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Restaurants’ protest against massive discounts catches on with #Logout



On August 15, the National Restaurant Association of India (NRAI) launched a campaign #Logout against the heavy discounts offered by online food platforms to their subscribers. This, they believe, is an unsustainable business model and are hoping to reach out to food aggregators to take some corrective measures against imbalance caused by massive discount programmes being offered to subscribers.

Deep discounts are hampering the fundamentals of trade, say restaurateurs

Anurag Katriar, director and CEO of a hospitality brand and managing committee member and Mumbai chapter head of NRAI, shares, “The response to the #Logout campaign has been spontaneous across the restaurant fraternity. Every member restaurant has decided to log out off these aggregator-driven reservation platforms that are based purely on massive discounts and commissions. It’s being spearheaded by the NRAI, but the support has also been pouring from restaurants, who are not even members of the association. We have been compelled to take this step because it is a grossly unfair business structure, which is hampering the fundamentals of the trade. It is fundamentally wrong and unfair because the aggregator collects money from both parties — restaurants and consumers, but the discounts are funded solely by the restaurants. We had no option but to resort to #Logout to protest this skewed equation.” The situation, he says, was was spurred by the “unbridled greed of the aggregators”. “There were promotions and discounts for the consumers earlier too, but the aggregators have distorted the market to an extent where the survival of the restaurant business is at stake. Now that most aggregators have agreed for a dialogue, we hope to make a breakthrough soon to create an atmosphere for a fair co-existence.”

Restaurateur Riyaaz Amlani goes on to share, “The food aggregators claim they are helping business by giving heavy discounts. However, this is not a sustainable model. We have tried to engage with them, but have been unsuccessful in doing so. This has led to a lot of anger and resentment that has now spiralled into a nation-wide movement. We entered this model on the understanding that we would be partners in business, which is not the case as they have been ignoring our concerns and are not willing to hear us out. At the moment, we are not entertaining any discounts offered by these food platforms. We will be meeting them on Monday, and if nothing comes off it, we will be forced to log out.”

Brijesh Pande, another member of NRAI, who has already delisted, shares, “Food aggregators are giving away irrational discounts at their will and getting restaurants to come on board, portraying that the footfall will increase by way of discounting. Some of them take a monthly or yearly fee from the customers and allow them a database of 4,000 plus restaurants in Mumbai at their disposal. Restaurants end up discounting their product. In fact, every individual restaurateur could do the same at their own premises too.”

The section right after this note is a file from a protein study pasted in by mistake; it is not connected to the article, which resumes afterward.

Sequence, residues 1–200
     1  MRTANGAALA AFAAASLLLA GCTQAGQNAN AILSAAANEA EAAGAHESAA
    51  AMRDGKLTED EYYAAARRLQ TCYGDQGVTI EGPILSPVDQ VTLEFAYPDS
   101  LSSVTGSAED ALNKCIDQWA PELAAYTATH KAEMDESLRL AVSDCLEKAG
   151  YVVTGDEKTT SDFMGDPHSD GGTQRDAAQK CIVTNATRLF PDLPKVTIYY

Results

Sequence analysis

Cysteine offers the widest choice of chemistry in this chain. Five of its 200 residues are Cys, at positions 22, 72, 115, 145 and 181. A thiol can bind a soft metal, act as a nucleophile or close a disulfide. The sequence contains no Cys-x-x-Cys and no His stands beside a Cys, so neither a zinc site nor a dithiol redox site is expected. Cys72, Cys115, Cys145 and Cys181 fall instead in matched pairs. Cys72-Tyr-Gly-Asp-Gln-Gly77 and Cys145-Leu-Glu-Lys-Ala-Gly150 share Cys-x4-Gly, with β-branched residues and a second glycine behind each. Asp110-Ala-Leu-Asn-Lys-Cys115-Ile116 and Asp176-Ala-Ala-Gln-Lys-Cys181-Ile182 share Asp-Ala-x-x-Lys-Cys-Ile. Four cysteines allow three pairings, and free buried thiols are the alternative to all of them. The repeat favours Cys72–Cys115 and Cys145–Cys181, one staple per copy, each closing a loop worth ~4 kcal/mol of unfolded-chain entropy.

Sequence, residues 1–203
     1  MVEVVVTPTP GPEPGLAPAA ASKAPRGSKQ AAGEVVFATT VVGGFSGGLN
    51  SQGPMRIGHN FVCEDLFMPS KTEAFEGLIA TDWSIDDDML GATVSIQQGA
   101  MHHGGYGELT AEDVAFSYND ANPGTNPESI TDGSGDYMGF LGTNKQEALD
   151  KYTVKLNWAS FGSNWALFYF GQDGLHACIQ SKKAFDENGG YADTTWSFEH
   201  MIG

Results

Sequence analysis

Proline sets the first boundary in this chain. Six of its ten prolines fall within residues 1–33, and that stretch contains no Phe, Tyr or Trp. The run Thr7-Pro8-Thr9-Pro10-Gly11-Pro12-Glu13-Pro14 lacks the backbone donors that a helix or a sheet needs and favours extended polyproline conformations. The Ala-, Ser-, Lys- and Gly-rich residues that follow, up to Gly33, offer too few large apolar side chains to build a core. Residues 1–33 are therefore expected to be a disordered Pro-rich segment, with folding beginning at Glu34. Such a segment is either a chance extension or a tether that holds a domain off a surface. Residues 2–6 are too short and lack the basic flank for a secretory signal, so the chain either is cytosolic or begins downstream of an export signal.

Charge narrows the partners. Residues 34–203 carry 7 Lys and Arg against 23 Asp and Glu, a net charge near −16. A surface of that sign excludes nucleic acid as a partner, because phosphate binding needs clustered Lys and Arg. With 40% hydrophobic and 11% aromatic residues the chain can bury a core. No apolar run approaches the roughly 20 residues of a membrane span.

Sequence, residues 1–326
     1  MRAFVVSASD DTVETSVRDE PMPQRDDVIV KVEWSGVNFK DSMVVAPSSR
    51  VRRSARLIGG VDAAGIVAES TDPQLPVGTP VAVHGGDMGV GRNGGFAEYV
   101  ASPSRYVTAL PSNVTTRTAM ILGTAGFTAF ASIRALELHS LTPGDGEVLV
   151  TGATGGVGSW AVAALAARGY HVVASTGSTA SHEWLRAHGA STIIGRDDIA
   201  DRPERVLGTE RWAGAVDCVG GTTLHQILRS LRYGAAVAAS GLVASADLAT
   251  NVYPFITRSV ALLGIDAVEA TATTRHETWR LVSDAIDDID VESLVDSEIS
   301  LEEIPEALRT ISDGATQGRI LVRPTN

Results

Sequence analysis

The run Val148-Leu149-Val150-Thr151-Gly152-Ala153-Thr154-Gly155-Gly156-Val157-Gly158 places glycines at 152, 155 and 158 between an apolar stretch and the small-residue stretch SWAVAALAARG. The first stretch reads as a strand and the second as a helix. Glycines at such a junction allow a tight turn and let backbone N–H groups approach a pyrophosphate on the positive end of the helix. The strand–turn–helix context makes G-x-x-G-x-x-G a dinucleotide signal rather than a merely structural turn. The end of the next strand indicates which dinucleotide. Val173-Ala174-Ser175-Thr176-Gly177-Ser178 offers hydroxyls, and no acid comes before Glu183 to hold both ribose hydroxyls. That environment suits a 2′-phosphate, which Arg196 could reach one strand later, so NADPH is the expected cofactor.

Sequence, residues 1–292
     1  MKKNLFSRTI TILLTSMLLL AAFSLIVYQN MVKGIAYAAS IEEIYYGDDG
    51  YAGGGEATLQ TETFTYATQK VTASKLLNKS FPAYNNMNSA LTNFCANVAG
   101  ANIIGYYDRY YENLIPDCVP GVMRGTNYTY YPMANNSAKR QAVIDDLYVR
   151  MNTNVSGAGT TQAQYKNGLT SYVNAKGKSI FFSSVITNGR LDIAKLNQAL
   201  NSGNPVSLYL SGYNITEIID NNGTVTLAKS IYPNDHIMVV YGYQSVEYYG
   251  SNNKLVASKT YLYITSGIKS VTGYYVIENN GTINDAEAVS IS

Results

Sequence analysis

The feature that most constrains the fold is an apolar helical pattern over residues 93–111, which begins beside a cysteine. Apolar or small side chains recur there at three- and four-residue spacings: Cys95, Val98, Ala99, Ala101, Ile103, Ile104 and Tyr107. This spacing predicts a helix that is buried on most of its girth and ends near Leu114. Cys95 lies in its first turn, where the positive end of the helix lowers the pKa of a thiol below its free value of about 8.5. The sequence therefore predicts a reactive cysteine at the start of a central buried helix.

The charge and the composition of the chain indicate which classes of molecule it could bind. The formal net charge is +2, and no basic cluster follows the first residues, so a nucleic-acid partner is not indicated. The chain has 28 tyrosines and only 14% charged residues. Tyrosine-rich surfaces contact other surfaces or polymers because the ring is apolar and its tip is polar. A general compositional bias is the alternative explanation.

‘Cannot afford to give discounts at peak hours’

Discount programmes like the ones offered by online food platforms reduces the profit margins and leads to heavy losses for restaurant owners. This has forced many of them to discontinue their association with food aggregators. Says Meldan D’Cunha, owner of a suburban eatery, “When we signed up, we were told that guests would come during all the slots. There are different discounted rates at different time slots, but hardly anyone is interested in the slower non-peak hours. We cannot afford to give discounts at peak hours only. Plus, payments take time, so I opted out of these discount programmes.”

AHAR May consider lending support to NRAI

NRAI is not alone in this fight. Associations like Indian Hotel and Restaurant Association (AHAR) have also been battling these trade practices for a while now. Santosh Shetty, president of AHAR, says, “We have been fighting against the uncalled-for business practices of food aggregators for a long time now, and may also consider supporting the NRAI if it is also in the best interest of our members.”

Food aggregators surprised to see a campaign of ‘this nature’

Restaurants in several cities have reportedly started delisting from restaurant reservation aggregators offering deep discounts. This and the silent protest in the form of #Logout by restaurants has clearly taken the aggregators by surprise. Shares a spokesperson for a food aggregator, “The evolution of our dine-out offerings has always been driven by the objective of driving growth of the restaurant industry. As Indians, we do not dine-out as much as our global peers and our programme was launched to push the dining-out experience. We, as a platform, are as much in it as the restaurants, who saw merit in this solution and signed up to change consumer behaviour towards ‘eating-out’. The initial response and its growth in the past 18 months are a testament to its success. Having said that, we have constantly been in touch with the restaurant industry to discuss their feedback and address any issues they may be facing as a part of our offerings. It was extremely surprising for us to see a campaign of this nature being launched without the restaurant committee even calling for any discussion regarding the same. We have still not received any invitation for a discussion on this topic, but we remain open to any conversations to resolve ongoing issues. As of now, less than one per cent of the restaurant partner base of gold has supported the challenges raised by the NRAI earlier this week. We are actively engaging with our restaurant partners to discuss and resolve any issues that they might have and will continue to sign up new restaurants to bring more choice to users.”

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